Common Traits in Plateaued or Declining Churches

Most of my life has been spent working in Churches who have been in decline or have at least plateaued for years. I have even helped a couple of other Churches close and join up with the one I was leading. All of the Churches I have lead have been small and are usually in small communities. Most of the time I have accepted calls to preach in these situations because I thought God could use me to help them rebuild. I have noticed some similar things in all of the Churches I have led through the years.

These are issues that any Church can have that are fixable.

1. They have become blind to the mess. Many Churches see their facility with the glory it once held. Now the building needs cleaning. Many parts of the facility need updating with a paint job or some new carpet. I am told that after four weeks you become blind to some of the problems in your situation. Imagine what 40 years might do to a person.

2. Tomorrow may be worse mentality. With this mindset, people do not want to spend any money. If they do spend money, it must go before the board and be talked to death. I once was a part of a six-month discussion of a new sump pump. The other side of the issue is that people start keeping everything because we may need it one day. Trash and junk are stored everywhere, and everyone is afraid to throw it away. God only knows how much I have thrown away through the years.

3. Yesterday was better than tomorrow signs. When this type of thinking takes over the Church becomes a place where the saints of yesterday get memorialized. Plaques are everywhere and fastened to everything recognizing the donation of someone from days gone by.

4. Only friendly to insiders. When a visitor finally does come to Church, they are not greeted warmly by the people. They are seen as outsiders who will leave one day. Why be nice to people who are only here for a Sunday or two?

5. The preacher is paid to do all the ministry. In many of the small Churches I encounter the preacher is paid to do everything. They preach, teach, lead, set-up, clean-up, do youth ministry, organize children’s ministry, visit the hospital, marry and bury. Very little gets done by other people, except making decisions. Others meet to make the decisions, and the pastor tries to carry out their wishes.

6. Leadership issues. Lack of leadership or poor leadership are the two most significant problems. To move forward the Church may select men who are unqualified, or they try to bring everyone on board. I have been a part of a Church of 80 with 14 leaders. If you subtract the women and children, then over half of the men were in leadership. Needless to say, very little got accomplished.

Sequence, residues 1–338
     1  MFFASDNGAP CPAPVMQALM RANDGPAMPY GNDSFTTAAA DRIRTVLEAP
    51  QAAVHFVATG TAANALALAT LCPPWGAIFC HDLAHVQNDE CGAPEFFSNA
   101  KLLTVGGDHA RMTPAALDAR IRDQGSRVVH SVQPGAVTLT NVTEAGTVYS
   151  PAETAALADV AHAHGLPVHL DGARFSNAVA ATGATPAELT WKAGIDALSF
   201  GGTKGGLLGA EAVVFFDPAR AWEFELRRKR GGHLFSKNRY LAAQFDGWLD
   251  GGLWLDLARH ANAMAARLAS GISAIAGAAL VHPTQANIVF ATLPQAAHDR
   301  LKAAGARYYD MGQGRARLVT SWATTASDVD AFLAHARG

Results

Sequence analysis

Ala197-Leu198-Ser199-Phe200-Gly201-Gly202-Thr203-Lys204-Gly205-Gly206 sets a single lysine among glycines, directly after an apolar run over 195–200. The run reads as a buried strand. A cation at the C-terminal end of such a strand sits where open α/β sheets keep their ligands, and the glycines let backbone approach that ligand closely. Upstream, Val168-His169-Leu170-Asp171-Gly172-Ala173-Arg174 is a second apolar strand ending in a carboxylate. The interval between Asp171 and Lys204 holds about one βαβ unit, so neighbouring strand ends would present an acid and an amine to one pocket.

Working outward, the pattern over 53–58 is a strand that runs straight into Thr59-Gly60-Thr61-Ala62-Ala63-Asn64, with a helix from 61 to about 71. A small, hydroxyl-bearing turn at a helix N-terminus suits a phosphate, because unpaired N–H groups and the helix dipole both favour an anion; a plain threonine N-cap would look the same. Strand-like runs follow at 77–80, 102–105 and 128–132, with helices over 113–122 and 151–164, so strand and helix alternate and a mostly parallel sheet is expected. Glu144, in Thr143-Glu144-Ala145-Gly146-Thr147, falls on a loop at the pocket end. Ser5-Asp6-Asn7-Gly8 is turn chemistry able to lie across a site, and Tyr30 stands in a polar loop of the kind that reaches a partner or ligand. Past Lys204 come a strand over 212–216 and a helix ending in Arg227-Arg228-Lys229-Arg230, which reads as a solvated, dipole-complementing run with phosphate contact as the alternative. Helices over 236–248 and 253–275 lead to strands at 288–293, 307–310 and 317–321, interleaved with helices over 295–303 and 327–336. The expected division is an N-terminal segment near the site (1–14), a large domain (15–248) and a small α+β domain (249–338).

7. Change has become unimaginable. We like the way things are done, that is why we keep coming back. So why would we want to change anything? The 30 Christians who attend are happy so why mess up a good thing?

8. Only take care of themselves. If the people are few and the money is tight, then we better not overextend ourselves. Missions giving is slim, and service events are non-existent. The Church exists for us, and everyone outside the walls can take care themselves like we are doing.

9. Children are not a priority. Almost every small Church I have lead had an awful program for kids. I could tell you about dirty nurseries, dangerous toys, unsupervised children’s area and a total lack of security. It is incredible that a group of people who love their grandkids doesn’t care about the spiritual education.

10. Faith is rarely stretched. Everything is comfortable. We attend the same class with the same people where we talk about the same things. We then go to worship where we sit in the same place next to the same people while singing the same hymns. We take the same communion and hear a familiar sermon. We go home and eat the same old meal and watch the same old TV. Each Sunday is a repeat of the last week, and no one does anything daring for the Lord.

I know there are legitimate reasons that some Churches stay small. They are in areas where very few people live or where the community is dying. The majority of Churches I have experienced have enormous potential for God, but they have never sat down and talked about any major issue. The problems mount up, and we blame our lack of effectiveness on “the people these days.”

I have spent my life working against these obstacles. Sure, it may make some people frustrated and others uncomfortable, but the call of Jesus is to reach the whole world with the gospel not to rest in the comfort of our own salvation.

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